Tuesday, July 29, 2008

The McGraham Crackers!

I'm staking my entire reputation as a pundit that this will be the Republican Ticket!Don't they look good together?

Saturday, July 26, 2008

The Pentagon Wants to Sanitize Bush's War

Zoriah Miller, the freelance photographer who took the image below and others of marines killed in a June 26 suicide attack and posted them on his Web site, was subsequently forbidden to work in Marine Corps-controlled areas of Iraq. Maj. Gen. John Kelly, the Marine Corps commander in Iraq, is now seeking to have Mr. Miller barred from all United States military facilities throughout the world. Mr. Miller has since left Iraq.

In November 2004, Stefan Zaklin, a photographer then working for the European Pressphoto Agency, was embedded with a United States Army company. Mr. Zaklin photographed this soldier, who was shot and killed in Falluja, in a house used as a base by insurgents. The photograph ran in several European publications, and Mr. Zaklin was immediately banned from working with the unit.

Two New York Times journalists were disembedded in January, 2007, after the newspaper published this photo of a mortally wounded soldier. Though the soldier was shot through the head and died hours after the photo was taken, Lt. Gen. Raymond T. Odierno argued that The Times had broken "embed" rules by not getting written permission from the soldier.

After Michael Kamber, on assignment for The New York Times, took photos of wounded American soldiers in Latifiya in 2007, he was told by military public affairs officers that the images could not be published. Though embed regulations prohibit only publishing photos of identifiable wounded soldiers without their permission, Lt. Col. Josslyn Aberle insisted in a phone conversation with Mr. Kamber that no photos could be published that showed faces of non-wounded soldiers. Later the same day she further tightened the rules, saying that any photos that showed division shoulder patches could not be used.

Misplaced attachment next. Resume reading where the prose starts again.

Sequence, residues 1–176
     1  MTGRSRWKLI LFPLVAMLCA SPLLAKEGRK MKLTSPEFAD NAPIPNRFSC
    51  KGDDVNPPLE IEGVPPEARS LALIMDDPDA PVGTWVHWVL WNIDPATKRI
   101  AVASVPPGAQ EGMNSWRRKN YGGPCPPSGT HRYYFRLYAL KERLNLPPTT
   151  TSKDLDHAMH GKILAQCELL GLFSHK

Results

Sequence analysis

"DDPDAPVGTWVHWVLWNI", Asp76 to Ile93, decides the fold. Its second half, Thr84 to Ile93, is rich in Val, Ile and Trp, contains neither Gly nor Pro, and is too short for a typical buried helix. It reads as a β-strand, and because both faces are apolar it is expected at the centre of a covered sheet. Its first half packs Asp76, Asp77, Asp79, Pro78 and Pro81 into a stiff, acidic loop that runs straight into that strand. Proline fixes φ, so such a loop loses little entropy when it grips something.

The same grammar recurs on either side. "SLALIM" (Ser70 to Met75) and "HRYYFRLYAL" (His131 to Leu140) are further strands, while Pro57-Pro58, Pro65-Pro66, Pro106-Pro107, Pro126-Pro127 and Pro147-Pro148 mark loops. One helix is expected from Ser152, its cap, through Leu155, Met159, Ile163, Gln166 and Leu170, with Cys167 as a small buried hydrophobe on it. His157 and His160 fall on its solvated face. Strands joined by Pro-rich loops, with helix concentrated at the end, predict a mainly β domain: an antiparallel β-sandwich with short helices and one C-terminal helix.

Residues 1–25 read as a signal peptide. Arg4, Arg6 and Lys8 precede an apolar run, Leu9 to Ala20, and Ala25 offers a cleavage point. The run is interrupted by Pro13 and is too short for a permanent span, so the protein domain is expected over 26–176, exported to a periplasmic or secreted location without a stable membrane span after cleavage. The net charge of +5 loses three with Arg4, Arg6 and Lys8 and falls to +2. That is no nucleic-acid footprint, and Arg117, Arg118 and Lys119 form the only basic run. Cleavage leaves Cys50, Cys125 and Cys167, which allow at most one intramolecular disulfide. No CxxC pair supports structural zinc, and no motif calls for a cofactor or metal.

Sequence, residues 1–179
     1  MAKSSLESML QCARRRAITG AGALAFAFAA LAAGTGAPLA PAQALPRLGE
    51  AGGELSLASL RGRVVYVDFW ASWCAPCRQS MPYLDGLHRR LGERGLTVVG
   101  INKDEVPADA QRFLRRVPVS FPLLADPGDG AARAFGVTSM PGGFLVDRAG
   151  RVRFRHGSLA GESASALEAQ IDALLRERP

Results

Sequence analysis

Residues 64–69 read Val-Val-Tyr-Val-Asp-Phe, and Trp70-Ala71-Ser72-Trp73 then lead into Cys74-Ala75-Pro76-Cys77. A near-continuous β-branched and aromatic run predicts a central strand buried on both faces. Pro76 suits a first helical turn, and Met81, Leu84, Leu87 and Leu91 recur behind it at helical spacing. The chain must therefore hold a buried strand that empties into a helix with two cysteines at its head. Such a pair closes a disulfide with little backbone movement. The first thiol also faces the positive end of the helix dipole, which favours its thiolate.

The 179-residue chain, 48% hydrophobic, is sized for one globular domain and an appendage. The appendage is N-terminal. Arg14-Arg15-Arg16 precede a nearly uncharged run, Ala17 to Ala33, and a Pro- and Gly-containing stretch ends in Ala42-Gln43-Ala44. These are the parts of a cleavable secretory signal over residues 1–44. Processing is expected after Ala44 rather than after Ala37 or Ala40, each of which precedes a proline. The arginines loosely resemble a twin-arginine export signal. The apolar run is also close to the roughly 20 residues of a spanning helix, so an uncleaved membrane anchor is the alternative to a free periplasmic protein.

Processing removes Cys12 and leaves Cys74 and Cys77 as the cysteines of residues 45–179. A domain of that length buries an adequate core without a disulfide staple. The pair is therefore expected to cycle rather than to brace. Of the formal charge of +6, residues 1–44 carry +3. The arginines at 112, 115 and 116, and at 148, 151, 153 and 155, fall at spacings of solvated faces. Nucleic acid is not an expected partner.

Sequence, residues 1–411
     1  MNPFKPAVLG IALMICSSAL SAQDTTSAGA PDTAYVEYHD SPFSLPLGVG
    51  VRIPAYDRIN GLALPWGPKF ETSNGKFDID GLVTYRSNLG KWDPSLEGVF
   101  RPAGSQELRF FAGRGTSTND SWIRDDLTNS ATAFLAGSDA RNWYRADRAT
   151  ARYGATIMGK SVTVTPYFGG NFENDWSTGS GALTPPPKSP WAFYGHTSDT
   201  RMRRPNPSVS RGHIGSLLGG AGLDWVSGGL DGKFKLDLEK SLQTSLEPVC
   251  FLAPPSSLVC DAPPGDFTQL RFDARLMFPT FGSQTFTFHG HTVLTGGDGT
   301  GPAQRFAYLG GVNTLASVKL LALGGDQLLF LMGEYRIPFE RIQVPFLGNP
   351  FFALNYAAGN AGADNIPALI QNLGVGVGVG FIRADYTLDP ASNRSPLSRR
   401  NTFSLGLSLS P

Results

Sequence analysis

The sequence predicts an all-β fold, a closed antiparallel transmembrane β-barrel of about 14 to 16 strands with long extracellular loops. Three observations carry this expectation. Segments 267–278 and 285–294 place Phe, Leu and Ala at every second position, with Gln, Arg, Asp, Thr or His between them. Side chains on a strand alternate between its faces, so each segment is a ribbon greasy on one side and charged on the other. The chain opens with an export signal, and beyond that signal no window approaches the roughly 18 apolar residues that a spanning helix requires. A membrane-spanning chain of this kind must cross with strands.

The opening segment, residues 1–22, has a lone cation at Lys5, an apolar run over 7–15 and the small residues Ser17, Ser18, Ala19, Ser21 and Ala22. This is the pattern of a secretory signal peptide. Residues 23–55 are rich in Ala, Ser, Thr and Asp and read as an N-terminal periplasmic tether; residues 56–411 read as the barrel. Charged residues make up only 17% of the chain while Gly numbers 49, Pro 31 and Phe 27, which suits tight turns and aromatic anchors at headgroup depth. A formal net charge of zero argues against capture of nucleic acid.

You are looking at the blood of a “gravely wounded soldier at the Ibn Sina Hospital” in the Green Zone 2007.

Chris Hondros of Getty Images was with an army unit in Tal Afar on January 18, 2005, when its soldiers killed the parents of this blood-spattered girl at a checkpoint, and his photo was published around the world. Mr. Hondros was kicked out of the unit, though he soon became embedded with a unit in another city.

Friday, July 25, 2008

Sheldon Adelson: GOP's Answer To George Soros?

Sheldon Adelson, the 72-year-old casino billionaire who has become the third richest man in America. Past evidence suggests that Adelson will capitalize on his ascent to the top of the Republican money elite to try to build opposition in America to any Middle East peace settlement calling for the division of Israel into two states, one Jewish, the other Palestinian.

In the past, Adelson has shown a substantial interest in Israeli politics as well as in American elections. He is a strong backer of Benjamin 'Bibi' Netanyahu, former Prime Minister of Israel and current Likud Party chair. Adelson has financed the creation of an Israeli newspaper, Israel Hayom, so outspoken and aggressive in backing Netanyahu that it has become known as "Bibi-ton".

In the current election cycle, Adelson has surpassed such past financial mainstays of conservative causes and of the GOP as oilman-corporate raider T. Boone Pickens ($4.6 million 2003-4), Houston real estate magnate Bob Perry ($18.5 million 2003-6) and former Univision CEO Jerry Perenchio ($9.1 million 2003-6).

According to some estimates, Adelson has put over $30 million in the 2007-8 cycle and has now even surpassed George Soros, the Democratic financier who in 2003-4 and 2005-6 broke all records by investing $27 million in liberal get-out-the-vote and media campaigns.